New York City Laws on Caregiver Discrimination During the Coronavirus Pandemic

The global coronavirus pandemic has hit New York City particularly hard. Many people have concerns not only about their own health, but the health of family members who require care. New York City employment discrimination laws protected workers with caregiver responsibilities before the coronavirus arrived. Quarantine and isolation have added a new dimension to the concept of a “caregiver.” Laws passed by the federal and state governments to address problems caused by the pandemic may offer additional protections against discrimination and retaliation based on an employee’s caregiving responsibilities.

What Is Caregiver Discrimination?

The New York City Human Rights Law (NYCHRL) prohibits discrimination by employers on the basis of “caregiver status.” It defines a “caregiver” as someone “who provides direct and ongoing care for a minor child or a care recipient.” The term “care recipient” can refer to anyone living in the caregiver’s home; or a “covered relative” like a parent, spouse, sibling, child, grandchild, or grandparent, whether or not they live with the caregiver. In either case, the care recipient must need the caregiver’s assistance with “medical care or to meet the needs of daily living.” Id.

The NYCHRL does not define the term “direct and ongoing care,” and it does not appear that any court has ruled on its specific meaning. A plain-language interpretation suggests that it means care that requires a substantial amount of the caregiver’s time and attention. This could therefore include:
– The caregiver’s minor child, who resides with the caregiver;
– The caregiver’s minor child who resides elsewhere, but needs regular care from the caregiver;
– A person who lives with the caregiver, regardless of whether they are related; or
– A relative who does not reside with the caregiver.

Employers may not fire an employee, or take other adverse actions against them, solely because they have caregiver responsibilities outside of work. An employer may not refuse to hire someone, such as a single parent or a person who lives with an ailing parent, because of those responsibilities.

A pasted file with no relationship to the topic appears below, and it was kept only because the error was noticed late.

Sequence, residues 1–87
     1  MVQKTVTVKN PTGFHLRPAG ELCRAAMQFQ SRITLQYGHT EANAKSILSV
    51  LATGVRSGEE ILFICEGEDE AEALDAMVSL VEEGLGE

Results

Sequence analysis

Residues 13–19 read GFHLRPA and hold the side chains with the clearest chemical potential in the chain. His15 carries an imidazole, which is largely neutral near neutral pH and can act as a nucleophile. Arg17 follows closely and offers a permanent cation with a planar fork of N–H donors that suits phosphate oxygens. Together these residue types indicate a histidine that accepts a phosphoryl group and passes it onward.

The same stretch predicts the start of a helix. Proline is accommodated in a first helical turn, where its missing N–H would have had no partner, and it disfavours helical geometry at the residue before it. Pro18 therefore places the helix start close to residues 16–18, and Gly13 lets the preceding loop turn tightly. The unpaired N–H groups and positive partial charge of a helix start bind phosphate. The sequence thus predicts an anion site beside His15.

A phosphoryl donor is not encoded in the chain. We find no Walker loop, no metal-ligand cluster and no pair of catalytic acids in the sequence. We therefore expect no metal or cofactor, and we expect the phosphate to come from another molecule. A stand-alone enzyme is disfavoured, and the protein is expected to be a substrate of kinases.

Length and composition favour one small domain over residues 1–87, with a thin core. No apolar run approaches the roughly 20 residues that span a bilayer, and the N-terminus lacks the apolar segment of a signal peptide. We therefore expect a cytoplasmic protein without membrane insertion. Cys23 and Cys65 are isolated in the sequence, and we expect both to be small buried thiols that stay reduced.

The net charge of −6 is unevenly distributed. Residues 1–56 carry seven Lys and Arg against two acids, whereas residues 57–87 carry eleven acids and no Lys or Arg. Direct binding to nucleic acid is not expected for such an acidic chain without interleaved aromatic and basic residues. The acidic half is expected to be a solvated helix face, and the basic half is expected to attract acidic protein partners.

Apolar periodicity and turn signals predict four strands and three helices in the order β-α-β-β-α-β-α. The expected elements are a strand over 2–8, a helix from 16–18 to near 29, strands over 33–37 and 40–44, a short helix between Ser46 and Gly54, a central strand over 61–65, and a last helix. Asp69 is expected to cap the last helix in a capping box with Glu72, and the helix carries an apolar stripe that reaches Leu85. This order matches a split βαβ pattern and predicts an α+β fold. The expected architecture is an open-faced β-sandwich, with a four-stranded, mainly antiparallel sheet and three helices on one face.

Emergency Laws Protecting Caregivers

The coronavirus pandemic has resulted in nationwide school closures. Quarantine orders require people who have been diagnosed with or show symptoms of COVID-19, or who have been exposed to someone with the illness, to remain isolated for at least fourteen days. Caregiving responsibilities have increased substantially as a result.

State and federal law in New York already provide paid and unpaid family leave. Recent legislation has expanded these programs to take the coronavirus into account, and to protect workers against discrimination and retaliation by their employers. In New York, parents of a minor child who has been ordered into quarantine can use the state’s Paid Family Leave program. The Family Care program may allow an individual to use Paid Family Leave to care for a relative who has been diagnosed with COVID-19.

Federal legislation passed in March creates a temporary system of paid sick leave and expanded family leave. Eligible employees may take two weeks of paid sick leave and twelve weeks of unpaid family leave to care for a family member who has COVID-19 or has been ordered into quarantine. Parents of children whose schools are closed may have up to twelve weeks of paid leave, both sick leave and family leave, and two more weeks of unpaid family leave.

At Phillips & Associates, our knowledgeable and skilled New York City employment discrimination attorneys advocate for the rights of workers in claims for discrimination, harassment, retaliation, and other unlawful workplace practices. To schedule a free and confidential consultation to discuss your rights and options, please contact us today online or at (212) 248-7431.

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